As we continue our Journey to VR, we call on Christian Bach (Psyop), Lucien Harriot (Mechanism Digital), as well as the crew at Tendril, to give us their top Virtual Reality do's and don'ts.
Christian Bach of Psyop (Kismet, Clash of Clans 360)
Keep your camera still – or at least, keep camera movement to a bare minimum.
Stay away from cutting. It’s disorienting for any user.
Use a high frame rate. It makes for a much more comfortable experience.
Don't rotate the camera, that's bad. I haven’t seen anybody pull that off without making users sick. Beyond that, I’m hesitant to say don’t do something because I think it's all worth trying.
Lucien Harriot of Mechanism Digital (Tresemme Experience, Killer Deal)
Keep your story – the majority of the subject matter – in front of the user. Even though they’re able to look around in 360, they typically don’t.
Use long shots. They’ll make the user more comfortable and it will be far less jarring than jumping around every few seconds as you would in a normal piece.
Leave plenty of time for rendering as there’s always a lot more than you think. Between conversions, imports/exports, 4K frames, and stereo, a 4-minute shot can take hours, sometimes days, to render.
Don't move the camera too much because you’ll definitely make your user nauseous.
Don't bring things too close to the camera because the eyes can’t focus well and you’ll have a parallax issue.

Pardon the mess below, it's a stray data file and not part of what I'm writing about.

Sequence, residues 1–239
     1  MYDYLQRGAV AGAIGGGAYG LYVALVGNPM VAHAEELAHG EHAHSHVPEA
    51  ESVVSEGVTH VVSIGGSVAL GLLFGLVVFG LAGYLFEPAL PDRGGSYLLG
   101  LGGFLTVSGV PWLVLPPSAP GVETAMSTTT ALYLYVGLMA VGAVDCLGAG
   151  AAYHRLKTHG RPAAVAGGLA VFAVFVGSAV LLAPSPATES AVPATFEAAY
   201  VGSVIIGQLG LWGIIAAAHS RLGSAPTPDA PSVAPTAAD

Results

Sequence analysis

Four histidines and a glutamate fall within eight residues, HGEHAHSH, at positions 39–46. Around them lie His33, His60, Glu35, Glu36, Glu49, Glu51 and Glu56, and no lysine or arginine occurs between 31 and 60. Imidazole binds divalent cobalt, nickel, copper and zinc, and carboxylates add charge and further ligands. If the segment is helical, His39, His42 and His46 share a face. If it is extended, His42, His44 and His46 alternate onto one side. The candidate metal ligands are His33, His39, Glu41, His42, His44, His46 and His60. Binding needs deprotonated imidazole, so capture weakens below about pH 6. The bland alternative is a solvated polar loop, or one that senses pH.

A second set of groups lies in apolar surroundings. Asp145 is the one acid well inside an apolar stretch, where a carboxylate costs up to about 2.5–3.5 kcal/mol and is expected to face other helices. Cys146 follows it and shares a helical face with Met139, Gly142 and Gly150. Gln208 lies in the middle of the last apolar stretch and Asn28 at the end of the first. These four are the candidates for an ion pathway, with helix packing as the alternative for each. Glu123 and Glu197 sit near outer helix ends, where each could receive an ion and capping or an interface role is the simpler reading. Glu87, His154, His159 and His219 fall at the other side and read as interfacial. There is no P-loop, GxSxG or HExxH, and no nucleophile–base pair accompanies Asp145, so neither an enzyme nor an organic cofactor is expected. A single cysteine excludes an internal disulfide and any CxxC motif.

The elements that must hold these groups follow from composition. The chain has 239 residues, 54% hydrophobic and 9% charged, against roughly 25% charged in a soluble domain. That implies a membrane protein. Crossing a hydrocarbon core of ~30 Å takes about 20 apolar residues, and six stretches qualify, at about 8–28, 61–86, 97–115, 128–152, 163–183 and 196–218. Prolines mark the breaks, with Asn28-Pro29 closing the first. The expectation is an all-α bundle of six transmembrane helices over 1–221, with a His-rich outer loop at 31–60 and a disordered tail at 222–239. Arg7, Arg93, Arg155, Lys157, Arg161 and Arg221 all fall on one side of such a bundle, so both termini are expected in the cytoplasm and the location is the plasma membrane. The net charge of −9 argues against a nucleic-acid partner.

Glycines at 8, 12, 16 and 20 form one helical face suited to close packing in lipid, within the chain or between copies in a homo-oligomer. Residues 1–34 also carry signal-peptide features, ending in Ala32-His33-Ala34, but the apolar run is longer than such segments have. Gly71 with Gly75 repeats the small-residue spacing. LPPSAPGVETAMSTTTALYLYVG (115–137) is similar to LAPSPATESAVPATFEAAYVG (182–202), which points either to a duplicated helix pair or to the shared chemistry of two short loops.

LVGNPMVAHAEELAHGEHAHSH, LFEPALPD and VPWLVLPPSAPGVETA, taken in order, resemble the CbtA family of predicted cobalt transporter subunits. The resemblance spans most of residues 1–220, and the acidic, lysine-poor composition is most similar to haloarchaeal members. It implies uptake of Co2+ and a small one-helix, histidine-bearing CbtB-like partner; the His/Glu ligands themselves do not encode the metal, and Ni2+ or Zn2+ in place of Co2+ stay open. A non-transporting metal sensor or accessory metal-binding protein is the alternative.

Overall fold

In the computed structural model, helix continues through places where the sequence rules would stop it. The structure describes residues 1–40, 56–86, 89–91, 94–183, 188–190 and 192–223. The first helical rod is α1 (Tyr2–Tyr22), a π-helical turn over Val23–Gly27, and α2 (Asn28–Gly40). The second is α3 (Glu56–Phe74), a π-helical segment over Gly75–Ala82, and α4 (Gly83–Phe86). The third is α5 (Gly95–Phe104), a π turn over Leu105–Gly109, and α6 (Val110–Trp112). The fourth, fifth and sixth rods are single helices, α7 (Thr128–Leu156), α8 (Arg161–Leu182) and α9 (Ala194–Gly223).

Don't use a lot of small text; it’s harder than you might think to read in 360.
> Watch our interview with Lucien
Alexandre, Molly, and Ben of Tendril (Sankhara, Grand Expanse)
Do optimize performance quality. It doesn't matter how cool your experience is if it makes viewers nauseous. Aim for a minimum 60/fps, but ideally 90. Anything lower and the viewer will not feel the sense of immersion.
Do use the best stitching possible, as the better and cleaner your stitching, the more believable the world is. This is especially important for live action VR.
Do let the user control their movement within the scene if there is movement throughout. Movement without control is more likely to confuse the viewer's inner ear and cause nausea.
Do make use of powerful, 3D audio. It will add to the feeling of presence and spatial depth, which magnifies VR's impact and immersive quality.
Don’t have the viewer feel stationary. Allowing your viewer some movement within a scene is more interesting than just plunking them down in a place to look around.
Don't take control of the viewer's camera. Changing the direction they're looking, especially the pitch, will cause immediate nausea. Having the visuals too jarring, shaky or quick, will also cause nausea.
Don't let the pacing be too slow or drag on for too long – experiences are immersive to an extent, but can quickly become boring.